2003 MRCA Equipment Displays

Warren, K1BOX, displayed homing Beacon Equipment used by both the USN and the Army AF.  An aircraft carrier would transmit a signal between 234 & 258 mc from a rotating antenna.  Each 30 degree segment of rotation keyed a 710kc signal with a different morse character that then modulated the VHF carrier.  When doubly detected the pilot could determine his bearing from his ship.  An enemy radio intercept with a conventional receiver would detect only a CW carrier.  I'm not sure why the AAF used this equipment, buts its clear they did.

Left to Right:
Power adaptor to steal pwr from ARA, BC-946 or R-24/ARC-5 rceiver.
ZB, later called *R-1/ARR-1 Homing Beacon Receiver. It's output fed into a BC band receiver. 
*TS-1/ARR-1 Test Set. Gold plated cavity, 246 mc modulated by 710 kc. 
*C-1/ARR-1 Control Box (in front) 
*R-4/ARR-2 Receiver with *DY-2/ARR-2 Dynamotor. This was a complete receiver with audio output. 
C-38/ARC-5 Pilots Control box. Controlled up to 3 ARC-5 receivers, MF, HF or VHF, plus the *R-4/ARR-2. 
On top of the *R-4 is a *C-37/ARR-2 control box that could replace the flex shafting with a DC motor.

         Lenard, WA3DBJ   gave us a look at some WWII German equipments, and contrasted them with American gear of similar function:  3-6 MC aircraft receiver  type FuG10-EK on top of a  BC-348.  Kleinfunksprecher d, or "small speaking radio, frequency range d." ( The Germans nicknamed it "Dorette.) compared to BC-611.  On the right is a man-packable teletype terminal.                                                                

The Kw.Ea superheterodyne covering 1 to 10 MHz was designed around 1938.  This sophisticated set as two RF amps and 2 IF stages and uses two-volt RL2P800 tubes in all stages.  The push buttons, at the upper left, allow trouble shooting by monitoring individual tube currents.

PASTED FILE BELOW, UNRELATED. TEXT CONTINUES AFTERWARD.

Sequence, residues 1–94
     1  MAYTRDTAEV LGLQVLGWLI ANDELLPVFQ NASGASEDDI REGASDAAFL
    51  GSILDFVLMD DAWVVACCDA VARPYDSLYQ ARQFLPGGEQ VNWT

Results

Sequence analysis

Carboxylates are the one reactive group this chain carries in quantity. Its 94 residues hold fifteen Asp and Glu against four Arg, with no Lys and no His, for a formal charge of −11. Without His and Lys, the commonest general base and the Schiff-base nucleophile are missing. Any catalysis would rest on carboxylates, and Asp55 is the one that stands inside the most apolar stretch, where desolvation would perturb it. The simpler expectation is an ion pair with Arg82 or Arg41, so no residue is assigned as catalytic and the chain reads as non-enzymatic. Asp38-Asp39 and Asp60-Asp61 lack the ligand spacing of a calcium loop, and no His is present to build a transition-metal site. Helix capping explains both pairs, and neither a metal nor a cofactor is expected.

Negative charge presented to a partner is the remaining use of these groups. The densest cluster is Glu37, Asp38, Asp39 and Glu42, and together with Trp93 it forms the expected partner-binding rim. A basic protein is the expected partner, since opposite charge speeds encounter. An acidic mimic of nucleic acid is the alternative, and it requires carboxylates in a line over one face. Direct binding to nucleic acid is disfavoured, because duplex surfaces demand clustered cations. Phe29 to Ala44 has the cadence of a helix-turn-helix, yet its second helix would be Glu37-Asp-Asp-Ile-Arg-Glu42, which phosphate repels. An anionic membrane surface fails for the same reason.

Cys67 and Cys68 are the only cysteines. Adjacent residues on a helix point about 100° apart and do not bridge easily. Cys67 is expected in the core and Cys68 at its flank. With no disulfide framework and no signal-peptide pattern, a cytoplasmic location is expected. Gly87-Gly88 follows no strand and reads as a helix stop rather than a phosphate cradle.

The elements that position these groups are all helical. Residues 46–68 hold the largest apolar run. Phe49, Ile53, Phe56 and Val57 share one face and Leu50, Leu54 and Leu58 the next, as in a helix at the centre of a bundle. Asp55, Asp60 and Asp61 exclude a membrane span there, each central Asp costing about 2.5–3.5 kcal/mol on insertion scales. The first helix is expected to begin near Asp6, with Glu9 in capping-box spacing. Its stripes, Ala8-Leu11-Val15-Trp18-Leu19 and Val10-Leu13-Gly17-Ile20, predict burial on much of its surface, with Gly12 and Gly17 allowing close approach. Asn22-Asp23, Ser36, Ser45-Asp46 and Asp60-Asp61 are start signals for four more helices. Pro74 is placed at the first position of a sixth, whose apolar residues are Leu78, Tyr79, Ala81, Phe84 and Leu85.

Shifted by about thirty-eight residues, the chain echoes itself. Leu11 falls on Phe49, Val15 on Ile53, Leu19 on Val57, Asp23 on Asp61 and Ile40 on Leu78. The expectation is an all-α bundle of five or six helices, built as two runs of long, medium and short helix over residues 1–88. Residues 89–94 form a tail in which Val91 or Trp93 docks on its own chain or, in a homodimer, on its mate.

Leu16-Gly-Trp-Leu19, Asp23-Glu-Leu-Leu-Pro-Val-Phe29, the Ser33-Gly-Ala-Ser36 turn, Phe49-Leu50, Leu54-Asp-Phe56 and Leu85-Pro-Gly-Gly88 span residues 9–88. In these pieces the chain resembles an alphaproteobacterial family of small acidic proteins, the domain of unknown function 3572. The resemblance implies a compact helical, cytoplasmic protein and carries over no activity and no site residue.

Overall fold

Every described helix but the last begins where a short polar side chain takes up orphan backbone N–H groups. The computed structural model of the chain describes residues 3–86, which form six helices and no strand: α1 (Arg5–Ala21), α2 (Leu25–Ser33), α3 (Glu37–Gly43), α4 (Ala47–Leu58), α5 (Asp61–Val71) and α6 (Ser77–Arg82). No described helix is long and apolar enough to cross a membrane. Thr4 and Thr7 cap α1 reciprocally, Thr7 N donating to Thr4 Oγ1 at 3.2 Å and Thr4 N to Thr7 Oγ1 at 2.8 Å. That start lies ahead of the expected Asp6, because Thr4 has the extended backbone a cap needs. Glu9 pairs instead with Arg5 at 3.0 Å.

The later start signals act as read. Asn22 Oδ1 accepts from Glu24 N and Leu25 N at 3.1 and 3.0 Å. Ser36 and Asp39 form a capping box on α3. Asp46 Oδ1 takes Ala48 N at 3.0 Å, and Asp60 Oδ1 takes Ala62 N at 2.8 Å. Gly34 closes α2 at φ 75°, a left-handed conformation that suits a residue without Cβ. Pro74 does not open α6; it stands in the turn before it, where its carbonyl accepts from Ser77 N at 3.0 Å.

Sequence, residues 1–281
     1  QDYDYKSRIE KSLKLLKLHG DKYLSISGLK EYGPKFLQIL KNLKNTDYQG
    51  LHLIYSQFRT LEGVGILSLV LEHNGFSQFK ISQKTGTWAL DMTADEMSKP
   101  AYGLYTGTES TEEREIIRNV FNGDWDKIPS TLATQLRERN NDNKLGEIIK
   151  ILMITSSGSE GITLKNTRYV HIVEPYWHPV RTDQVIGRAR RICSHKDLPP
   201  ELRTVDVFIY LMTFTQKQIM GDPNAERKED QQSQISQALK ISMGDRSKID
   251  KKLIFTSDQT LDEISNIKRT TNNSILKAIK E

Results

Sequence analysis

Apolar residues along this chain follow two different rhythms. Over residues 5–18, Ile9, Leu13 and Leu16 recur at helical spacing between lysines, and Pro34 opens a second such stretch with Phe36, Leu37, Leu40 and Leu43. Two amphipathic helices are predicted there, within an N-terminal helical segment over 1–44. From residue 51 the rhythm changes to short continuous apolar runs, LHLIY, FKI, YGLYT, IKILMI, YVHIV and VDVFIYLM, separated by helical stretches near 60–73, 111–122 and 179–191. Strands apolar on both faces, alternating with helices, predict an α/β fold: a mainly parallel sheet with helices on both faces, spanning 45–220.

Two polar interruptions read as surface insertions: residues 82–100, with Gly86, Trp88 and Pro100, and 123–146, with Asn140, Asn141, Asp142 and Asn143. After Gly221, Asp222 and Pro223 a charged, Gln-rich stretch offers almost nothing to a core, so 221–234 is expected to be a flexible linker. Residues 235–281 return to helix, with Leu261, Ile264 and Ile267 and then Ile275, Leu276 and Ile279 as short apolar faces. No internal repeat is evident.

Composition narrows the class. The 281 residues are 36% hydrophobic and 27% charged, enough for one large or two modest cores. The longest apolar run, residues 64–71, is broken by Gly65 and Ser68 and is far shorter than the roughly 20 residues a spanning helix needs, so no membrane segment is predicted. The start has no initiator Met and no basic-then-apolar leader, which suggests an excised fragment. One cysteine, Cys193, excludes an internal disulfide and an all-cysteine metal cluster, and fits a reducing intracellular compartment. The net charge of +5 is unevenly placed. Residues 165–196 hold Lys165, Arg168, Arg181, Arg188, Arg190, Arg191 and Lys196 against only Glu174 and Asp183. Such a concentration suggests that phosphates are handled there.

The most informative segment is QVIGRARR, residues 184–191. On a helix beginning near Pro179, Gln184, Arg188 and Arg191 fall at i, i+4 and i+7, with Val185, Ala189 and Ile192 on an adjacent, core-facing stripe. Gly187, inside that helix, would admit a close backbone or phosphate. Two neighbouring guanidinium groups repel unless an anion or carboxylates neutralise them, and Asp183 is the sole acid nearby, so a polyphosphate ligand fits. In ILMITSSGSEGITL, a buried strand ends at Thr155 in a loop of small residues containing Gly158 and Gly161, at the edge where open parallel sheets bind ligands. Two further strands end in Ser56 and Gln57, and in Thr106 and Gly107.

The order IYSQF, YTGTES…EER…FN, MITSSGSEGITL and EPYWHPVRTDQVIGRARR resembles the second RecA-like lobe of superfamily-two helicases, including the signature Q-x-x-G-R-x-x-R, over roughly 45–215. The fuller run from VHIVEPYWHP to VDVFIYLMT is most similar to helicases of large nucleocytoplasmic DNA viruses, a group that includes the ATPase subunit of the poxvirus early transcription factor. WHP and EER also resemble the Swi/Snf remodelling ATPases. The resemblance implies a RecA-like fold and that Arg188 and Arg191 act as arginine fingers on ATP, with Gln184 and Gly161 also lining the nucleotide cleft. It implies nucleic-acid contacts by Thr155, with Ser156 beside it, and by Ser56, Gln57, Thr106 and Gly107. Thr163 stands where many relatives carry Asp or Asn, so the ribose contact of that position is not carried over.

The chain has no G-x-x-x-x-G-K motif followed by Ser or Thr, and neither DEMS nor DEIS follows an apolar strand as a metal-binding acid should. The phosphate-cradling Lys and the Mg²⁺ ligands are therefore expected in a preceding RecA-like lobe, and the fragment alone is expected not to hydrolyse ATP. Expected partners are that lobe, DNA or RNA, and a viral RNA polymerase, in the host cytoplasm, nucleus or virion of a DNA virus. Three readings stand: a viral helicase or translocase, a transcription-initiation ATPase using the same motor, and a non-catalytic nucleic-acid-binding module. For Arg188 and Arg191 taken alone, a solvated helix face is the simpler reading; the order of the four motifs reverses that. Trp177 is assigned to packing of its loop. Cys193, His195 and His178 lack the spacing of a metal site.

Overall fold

K2WI's  infared viewer used for Morse signaling during WWII.   Rob's grandfather, Leslie Flory, was inolved with the development of this gear at RCA.  The display included some his patent documents.                                                                    

Dale, KW1I's RACAL TRA.906 SQUADCAL HF Transceiver is fully waterproof, lightweight portable packset that operates AM, SSB and CW from 2-7 mHz on 29 crystal controlled channels. This model HF set is rumored to have been used by Iraqis during Desert Storm. The transciever in a canvas back pack is shown sitting on a vehicle adapter that converts 12 VDC to the 18 VDC used by the transceiver. The adapter also provides an external speaker and audio amp.
Another KW1I set, a Hallicrafters TR-9, HF AM/CW solid state backpack radio.circa 1968. Separate VFOs for receive and transmit. Runs about 10 watts out. Uses 12VDC.  Reported to have had CIA clandestine use.  Also may have been a backup radio in US Embassies.  A turns counter for the antenna matching variable inductor normally is mounted behind the cutout above the meter.  It is missing on this unit.

N3NNG's display Left: WWII US Navy GP-7 aircraft transmitter NOS with accessories.  Spare tuning unit in storage container and transmitter dust cover.  Center:  GP-7 transmitter with radio operator's & pilot's remote controls. Low freq. Antenna tuning unit on right.  Right:  WWII US Navy MO-1 transceiver. 3.0 to 8.0 mc. 25 watts AM xtal control. Used in small surface craft, and Navy and Marine Corps vehicles
Left to Right:   WWII US Navy (Marine Corps) TBY battery charger Type CLG-20145. Charges up to 3 TBY batteries at the same time.  Connectors with cables are stored in lid on left.    NOS WWII TBY-8 radio set  in original storage/transportation chest.  Includes original CLG-20206  AC and CLG-20144 vibrator power supplies. Used by the Marine Corps.  - N3NNG                                                   

Top: WII US Navy RBD shipboard receiver. 1.5 to 12 mc, a variant of thr RAX aircraft receivers.
Bottom: Complete set of RAX-1 aircraft receivers including shockmounts and dynamotors.
  - N3NNG
 WA2EJT's BC-973-C direction finder p/o SCR-503.  Center unit is a common ARC-5 transmitter.  TX at the right is a rare low-frequency set, either T-15 or T-16/ARC-5.  (Joe help!)                                                                           

Zorro's  hooch.                     
Breck, K4CHE a.k.a. Zorro, at the controls of his fully operational Wireless Set No. 19.

W3PWW getting Wireless Set 19 on-the-job training.